Proposal a big step to preserve our open space

Spend a few weeks among the high-rise buildings in major cities back East, and the Valley's mountains and vistas are the first thing you notice upon arriving home.

We're fortunate to have wide, open spaces and sunlight beaming down most of the year. It's what makes us the envy of the nation and a tourism destination.

Arizona, for the most part, has done a good job of preserving the unique landscape that makes us what we are. Efforts to continue that preservation must be encouraged and supported. To spoil the state's natural beauty with acres of subdivisions is shortsighted.

Last week, a group of environmentalists, business leaders, developers and mayors announced a proposal to protect about 700,000 acres of public lands in the West Valley.

The concept of the Sonoran Desert Heritage Proposal is to allow future generations the same ecological, cultural and recreational opportunities that we enjoy. It also will benefit Luke Air Force Base and the Barry M. Goldwater Range near Ajo by keeping encroachment at bay.

The area in the proposal stretches from a far northwest portion of Maricopa County to lands west of the White Tanks and southeast of Estrella Mountain Regional Park in the Southwest Valley. Public lands in the targeted area are managed by Bureau of Land Management. The proposal doesn't affect private-property owners and is embraced by developers who already have plans to build on nearby land west of the White Tanks.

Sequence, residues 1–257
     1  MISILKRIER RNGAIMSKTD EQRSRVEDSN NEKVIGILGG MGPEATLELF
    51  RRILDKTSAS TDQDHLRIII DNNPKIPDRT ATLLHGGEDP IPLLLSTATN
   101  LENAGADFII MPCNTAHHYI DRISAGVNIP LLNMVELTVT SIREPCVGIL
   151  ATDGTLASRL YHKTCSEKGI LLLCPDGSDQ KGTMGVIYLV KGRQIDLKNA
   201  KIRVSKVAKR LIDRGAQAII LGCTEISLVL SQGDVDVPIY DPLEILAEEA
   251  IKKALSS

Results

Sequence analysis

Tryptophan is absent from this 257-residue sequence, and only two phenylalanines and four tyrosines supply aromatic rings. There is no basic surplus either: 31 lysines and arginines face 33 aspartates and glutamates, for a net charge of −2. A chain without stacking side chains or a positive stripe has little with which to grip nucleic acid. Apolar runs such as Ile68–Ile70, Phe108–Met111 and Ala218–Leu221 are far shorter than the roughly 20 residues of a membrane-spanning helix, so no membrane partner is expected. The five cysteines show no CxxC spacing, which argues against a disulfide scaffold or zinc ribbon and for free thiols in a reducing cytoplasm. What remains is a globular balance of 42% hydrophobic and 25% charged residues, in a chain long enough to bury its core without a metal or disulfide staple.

The West Valley will be an attractive area for growth when the economy fully recovers. It makes sense to work now to protect what could become an exclusive destination similar to north Scottsdale.

Area leaders see the benefit of setting aside natural parks. Coalition members include the mayors of Goodyear, Peoria, Buckeye and Surprise, business leaders, community leaders and others.

"We need to provide a legacy of open public lands," Buckeye Mayor Jackie Meck said. "Once the land is developed, we can't get it back, and we know the good Lord isn't making any more land."

The effort also has the verbal support of the area's two West Valley congressional delegates, Rep. Trent Franks, R-Ariz., and Rep. Raúl Grijalva, D-Ariz. Their support is critical because the conservation initiative needs congressional approval for differing levels of protection, including making some land wilderness, some national-conservation areas and some special-management areas.

Unfortunately, neither representative said he is willing to take the lead to sponsor the required legislation. We hope one or both reconsider.

Protecting the public lands ensures the viability of military facilities and fosters economic development through tourism opportunities. But, most importantly, "it preserves the natural, cultural and recreational resources of the land and protects important wildlife habitat and migration corridors," said Matt Skroch, executive director of the Arizona Wilderness Coalition.
The open space is home to varied plants and wildlife, including bighorn sheep, mountain lions, mule deer, Gila monsters, Sonoran Desert tortoises and 350 species of birds.

Every effort should be made to preserve the West Valley's open space for future generations. We need our representatives in Washington to show leadership on this issue.

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